The Alum Cave Trail is the most hiked in the Great Smoky Mountains National Park. You'll see why, with its interesting geological features and stunning views. To reach the 6,593-ft. summit of Mount LeConte (third highest peak in the Smokies) from the parking area on U.S. Highway 441, you'll climb 2,853 feet in elevation during the 5.5 miles on the Alum Cave Trail. If you hike to the two best viewpoints on the summit, you will add almost two miles to your hike - a 13+ mile round-trip hike. Allow 6-9 hours for the hike. It's strenuous, but not technically challenging.
Our hike took eight hours since there is so much to stop and enjoy along the way. Plus, we took advantage of the sack lunch service provided by LeConte Lodge for day hikers! Pick up a lunch ($11/person) any time during the day. Their dining room is open 12-4 PM if you want to dine inside or buy beverages (including hot chocolate) or baked goods.
Want to spend the night? LeConte Lodge is the highest guest lodge in eastern America (at 6,400 feet elevation). The 2018 operating season is March 19 through November 20. They began booking the 2018 season in early October 2017. Most dates for small parties are already booked - especially weekends. For availability for the 2018 season or to get on the wait list for cancellations list, call 865-429-5704.
Weather Tip: Mt. LeConte is covered in clouds and fog about 75% of the time and receives generous rain and snow. Snow is not uncommon from October through April at the summit. The first section of the trail to Alum Cave receives much less snow. The trail can be very wet, so hiking shoes are highly recommended. Temperatures at the summit run as much as 20 degrees cooler than the city of Asheville, so be prepared! While the trail is open year-round, you cannot access it when Newfound Gap Road closes at times for snow and ice.
Great news! A 2-year trail rehabilitation was completed in late 2016. At just over 1.3 miles into your hike, you'll reach Arch Rock after crossing a bridge over a creek. The trail goes under the arch with steps etched into the rock. Fun! Sheltered by steep slopes and spared from loggers, the forest looks much as they did in the days of the Cherokee hunters. The Eastern hemlock are 200+ years old.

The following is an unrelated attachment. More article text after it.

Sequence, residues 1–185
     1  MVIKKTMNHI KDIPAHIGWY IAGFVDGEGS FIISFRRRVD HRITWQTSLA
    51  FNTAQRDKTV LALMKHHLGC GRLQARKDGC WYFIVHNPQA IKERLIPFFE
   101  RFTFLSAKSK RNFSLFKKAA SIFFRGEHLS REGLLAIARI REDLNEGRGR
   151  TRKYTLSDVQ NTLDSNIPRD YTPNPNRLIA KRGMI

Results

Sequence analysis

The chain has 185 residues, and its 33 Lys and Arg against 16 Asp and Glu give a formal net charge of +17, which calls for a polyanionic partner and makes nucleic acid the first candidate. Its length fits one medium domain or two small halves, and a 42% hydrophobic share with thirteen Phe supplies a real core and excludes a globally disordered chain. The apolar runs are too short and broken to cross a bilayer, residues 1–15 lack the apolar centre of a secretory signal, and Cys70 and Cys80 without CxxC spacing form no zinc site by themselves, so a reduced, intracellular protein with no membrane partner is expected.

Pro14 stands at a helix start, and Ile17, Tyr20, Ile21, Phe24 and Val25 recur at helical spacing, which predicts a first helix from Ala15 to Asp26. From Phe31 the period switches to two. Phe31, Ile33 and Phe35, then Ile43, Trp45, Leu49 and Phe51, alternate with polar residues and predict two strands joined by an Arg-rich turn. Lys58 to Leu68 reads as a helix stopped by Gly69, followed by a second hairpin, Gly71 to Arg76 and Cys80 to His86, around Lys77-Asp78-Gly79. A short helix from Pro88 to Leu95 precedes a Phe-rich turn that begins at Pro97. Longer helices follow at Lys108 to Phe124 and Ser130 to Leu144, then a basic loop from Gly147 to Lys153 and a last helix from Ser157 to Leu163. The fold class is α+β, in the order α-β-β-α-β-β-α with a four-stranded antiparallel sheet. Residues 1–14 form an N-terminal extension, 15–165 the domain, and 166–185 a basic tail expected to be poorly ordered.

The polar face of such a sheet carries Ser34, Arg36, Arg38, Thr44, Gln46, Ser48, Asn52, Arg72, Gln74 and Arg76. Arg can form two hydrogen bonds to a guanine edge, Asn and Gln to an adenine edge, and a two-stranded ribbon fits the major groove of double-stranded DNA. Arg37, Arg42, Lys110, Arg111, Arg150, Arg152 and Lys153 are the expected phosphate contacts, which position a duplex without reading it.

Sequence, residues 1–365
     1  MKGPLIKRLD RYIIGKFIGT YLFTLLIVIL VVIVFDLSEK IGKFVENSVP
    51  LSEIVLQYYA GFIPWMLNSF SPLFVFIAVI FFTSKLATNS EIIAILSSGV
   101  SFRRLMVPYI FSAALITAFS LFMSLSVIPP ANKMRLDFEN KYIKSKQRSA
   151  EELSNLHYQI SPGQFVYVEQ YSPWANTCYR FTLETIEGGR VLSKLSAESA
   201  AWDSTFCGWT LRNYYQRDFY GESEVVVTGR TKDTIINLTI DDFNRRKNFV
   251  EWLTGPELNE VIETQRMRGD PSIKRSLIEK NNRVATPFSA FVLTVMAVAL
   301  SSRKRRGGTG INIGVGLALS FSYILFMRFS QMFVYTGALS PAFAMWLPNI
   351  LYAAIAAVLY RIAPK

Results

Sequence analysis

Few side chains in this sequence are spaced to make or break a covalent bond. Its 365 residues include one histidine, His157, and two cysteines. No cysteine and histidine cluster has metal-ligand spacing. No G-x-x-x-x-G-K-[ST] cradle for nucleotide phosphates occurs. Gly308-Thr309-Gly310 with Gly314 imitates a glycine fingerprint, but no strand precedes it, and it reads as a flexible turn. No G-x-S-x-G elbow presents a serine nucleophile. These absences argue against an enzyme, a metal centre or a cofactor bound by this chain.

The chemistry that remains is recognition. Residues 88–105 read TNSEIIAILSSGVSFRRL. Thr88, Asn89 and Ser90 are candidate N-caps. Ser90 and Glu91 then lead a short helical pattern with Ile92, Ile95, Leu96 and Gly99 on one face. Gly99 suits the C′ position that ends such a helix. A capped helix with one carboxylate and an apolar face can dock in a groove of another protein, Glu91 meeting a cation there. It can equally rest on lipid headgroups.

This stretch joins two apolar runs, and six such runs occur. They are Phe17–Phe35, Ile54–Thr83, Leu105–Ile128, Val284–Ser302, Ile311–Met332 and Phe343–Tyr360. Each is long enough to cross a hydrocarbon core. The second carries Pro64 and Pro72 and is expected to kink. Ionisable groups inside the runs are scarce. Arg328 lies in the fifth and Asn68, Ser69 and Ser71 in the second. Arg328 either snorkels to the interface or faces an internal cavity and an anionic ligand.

Inspiration Point is at 2 miles. Stop, rest and enjoy its wonderful views. The Eye of the Needle hole in the rock near the top of Little Duck Hawk Ridge can be seen from the Alum Cave Trail. The Eye is seen best with afternoon sun.
At 2.2 miles is Alum Cave. It is actually a rock shelter, an overhang that resembles a cave entrance. In the 1830s, the Epsom Salts Manufacturing Company was formed to mine alum, Epsom salt, saltpeter, magnesia and copperas here. The easily accessible salts were depleted by the mid-1840s.
At 2.6 miles is the flat-stoned Gracie's Pulpit that marks the halfway point to Mt. LeConte. It's located on a ridge - so enjoy the brief downhill portion of the trail after you pass Gracie's Pulpit.
The trail begins to climb again toward Mt. LeConte, with many small water crossings, ledges and overlooks along the way. The last of the ledges passes right beneath Cliff Top. Once beyond this point, the trail flattens out and you enter a spruce-fir forest. Before reaching the lodge, at just over 5 miles from the trailhead, the Alum Cave Trail ends into the Rainbow Falls Trail. Turn right here.
For the panoramic views of the Great Smoky Mountains, go to nearby Myrtle Point or Cliff Top. Cliff Top is the best location for sunset views. It's at the end of a 0.2-mile side trail that starts near the entrance to the Lodge (look for sign along the main trail).
Myrtle Point provides nearly 360-degree views of the Smokies and is the best location for sunrises on Mt. LeConte, about 3/4-mile from the Lodge. To hike to Myrtle Point, walk 0.4-mile on the main trail past the Lodge, which is now the Boulevard Trail. About 0.2-mile past High Top (stack of rocks at the mountain summit) take the fork to the right to reach Myrtle Point, which is another 0.2-mile from this turn.
LeConte Lodge is located near the summit at 6,360 ft. elevation and operates mid-March through mid-November. It's the only place in the national park where you can sleep overnight on a mountaintop in a snug, permanent structure - complete with hot meals. All rooms for the season are often booked by January. But, you can always add your name to the waitlist in case of cancellations. It has a capacity of 60 guests per night housed in one of the 7 rough-hewn cabins or 3 group sleeping lodges. There is no electricity. While there is a privy building with flush toilets, there are no showers. One night at the lodge costs $148/adult, including dinner and breakfast. Call for reservations at 865-429-5704 or go to their web site.